Ultime grida dalla savana

Ultime grida dalla savana

Infobox Film
name = Ultime grida dalla savana


image_size =
caption = Theatrical poster
director = Antonio Climati Mario Morra
producer = Antonio Climati Mario Morra
writer = Antonio Climati Mario Morra
narrator = Alberto Moravia
starring =
music = Carlo Savina
cinematography = Antonio Climati
editing = Antonio Climati Mario Morra
distributor = Titanus Distribuzione
released = flagicon|Italy 24 October 1975 flagicon|France 21 January 1976 flagicon|Japan 13 March 1976
runtime = 94 min
country = Italy
language = Italian
budget = Unknown
preceded_by =
followed_by = "Savana violenta"
website =
amg_id = 1:245084
imdb_id = 0155306

"Ultime grida dalla savana" (1975) (English: "Final Cry of the Savanna"), also known as "La Grande caccia" and by its English title "Savage Man Savage Beast", is an influential Mondo film directed by Antonio Climati and Mario Morra. Filmed all around the world, its central theme focuses on hunting and the interaction between man and animal. More specifically, the film documents various forms of hunting that can be found in the world today and how humans and animals can both become the hunter or prey. Like many Mondo films, the film makers claim to document real, bizarre and violent behavior and customs, though many of the scenes are actually staged.cite book |last=Kerekes |first=David |coauthors= David Slater |title=Killing for Culture: Death Film from Mondo to Snuff |year=1996 |month=January |publisher=Creation Books |location=UK |isbn=1-871592-20-8] It is narrated by Italian novelist Alberto Moravia.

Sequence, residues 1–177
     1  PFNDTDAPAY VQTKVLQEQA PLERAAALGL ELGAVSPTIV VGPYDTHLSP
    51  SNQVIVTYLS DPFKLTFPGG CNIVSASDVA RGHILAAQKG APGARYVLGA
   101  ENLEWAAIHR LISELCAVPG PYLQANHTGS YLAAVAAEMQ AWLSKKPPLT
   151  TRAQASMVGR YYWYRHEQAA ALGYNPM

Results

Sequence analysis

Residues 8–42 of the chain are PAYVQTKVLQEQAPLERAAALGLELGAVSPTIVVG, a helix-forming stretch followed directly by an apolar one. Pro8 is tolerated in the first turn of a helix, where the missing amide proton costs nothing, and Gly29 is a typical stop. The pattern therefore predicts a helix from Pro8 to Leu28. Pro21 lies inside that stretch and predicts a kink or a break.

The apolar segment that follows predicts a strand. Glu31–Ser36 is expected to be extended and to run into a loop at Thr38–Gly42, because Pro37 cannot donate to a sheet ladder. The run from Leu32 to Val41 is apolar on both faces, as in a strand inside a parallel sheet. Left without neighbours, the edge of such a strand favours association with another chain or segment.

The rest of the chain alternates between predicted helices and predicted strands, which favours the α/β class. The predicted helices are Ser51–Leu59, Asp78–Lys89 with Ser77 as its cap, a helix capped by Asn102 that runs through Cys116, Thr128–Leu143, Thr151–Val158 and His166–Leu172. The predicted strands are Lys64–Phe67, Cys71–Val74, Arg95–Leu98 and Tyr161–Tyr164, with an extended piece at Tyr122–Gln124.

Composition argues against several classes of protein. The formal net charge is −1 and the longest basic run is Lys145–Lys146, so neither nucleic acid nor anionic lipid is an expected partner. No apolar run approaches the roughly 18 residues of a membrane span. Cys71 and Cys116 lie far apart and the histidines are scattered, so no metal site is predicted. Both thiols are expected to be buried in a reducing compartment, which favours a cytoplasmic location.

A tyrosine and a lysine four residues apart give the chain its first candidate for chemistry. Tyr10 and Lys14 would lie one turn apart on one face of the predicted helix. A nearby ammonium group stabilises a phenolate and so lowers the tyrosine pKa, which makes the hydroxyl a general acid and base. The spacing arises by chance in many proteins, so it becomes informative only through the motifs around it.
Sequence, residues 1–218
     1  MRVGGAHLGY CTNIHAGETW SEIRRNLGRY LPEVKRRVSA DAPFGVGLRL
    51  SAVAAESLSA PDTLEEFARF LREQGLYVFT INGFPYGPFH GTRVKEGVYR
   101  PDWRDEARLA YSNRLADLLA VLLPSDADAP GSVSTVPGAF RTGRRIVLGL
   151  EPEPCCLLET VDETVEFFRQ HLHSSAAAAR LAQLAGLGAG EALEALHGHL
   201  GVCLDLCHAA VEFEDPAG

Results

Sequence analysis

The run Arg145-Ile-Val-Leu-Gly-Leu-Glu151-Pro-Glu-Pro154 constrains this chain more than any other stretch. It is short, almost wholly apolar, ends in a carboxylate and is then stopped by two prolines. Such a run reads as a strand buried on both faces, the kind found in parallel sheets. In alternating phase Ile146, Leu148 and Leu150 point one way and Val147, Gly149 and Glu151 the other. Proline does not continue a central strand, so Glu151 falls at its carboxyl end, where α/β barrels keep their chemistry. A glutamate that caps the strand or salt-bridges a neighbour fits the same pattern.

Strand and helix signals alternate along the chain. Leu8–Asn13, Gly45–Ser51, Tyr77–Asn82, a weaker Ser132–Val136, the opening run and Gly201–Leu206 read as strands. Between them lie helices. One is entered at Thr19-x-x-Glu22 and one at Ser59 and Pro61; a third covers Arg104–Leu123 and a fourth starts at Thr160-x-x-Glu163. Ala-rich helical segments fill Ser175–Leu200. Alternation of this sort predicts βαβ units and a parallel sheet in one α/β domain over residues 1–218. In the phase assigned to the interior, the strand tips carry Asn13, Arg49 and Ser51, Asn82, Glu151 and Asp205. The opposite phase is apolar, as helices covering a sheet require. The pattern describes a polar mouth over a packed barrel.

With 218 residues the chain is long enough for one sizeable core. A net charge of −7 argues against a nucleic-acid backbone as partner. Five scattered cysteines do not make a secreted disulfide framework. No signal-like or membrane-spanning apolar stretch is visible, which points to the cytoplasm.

This was the first film of Climati's and Morra's Savage Trilogy, the other two films being "Savana violenta" ("This Violent World") and "Dolce e selvaggio" ("Sweet and Savage"). The best known film of the trilogy, "Ultime grida dalla savana" became influential in exploitation cinema by use of cinematographic techniques that would be repeated in numerous subsequent Mondo films.cite book |last=Goodall |first=Mark |title=Sweet and Savage: The World Through the Shockumentary Film Lens |year=2006 |publisher=Headpress |location=London, UK |isbn=1-900486-49-0] Two scenes in particular, a lion attack on a tourist in Namibia and the murder of an indigenous man by a group of mercenaries in South America, have gained notoriety for being purported as genuine footage of human death. Also, the film sparked a rivalry between the team of Climati and Morra and the brothers Alfredo and Angelo Castiglioni. These two teams became the forerunners of the second generation of Mondo cinema.cite book |last=Kerekes |first=David |coauthors= David Slater |title=Killing for Culture: Death Film from Mondo to Snuff |year=1996 |month=January |publisher=Creation Books |location=UK |isbn=1-871592-20-8] cite book |last=Goodall |first=Mark |title=Sweet and Savage: The World Through the Shockumentary Film Lens |year=2006 |publisher=Headpress |location=London, UK |isbn=1-900486-49-0]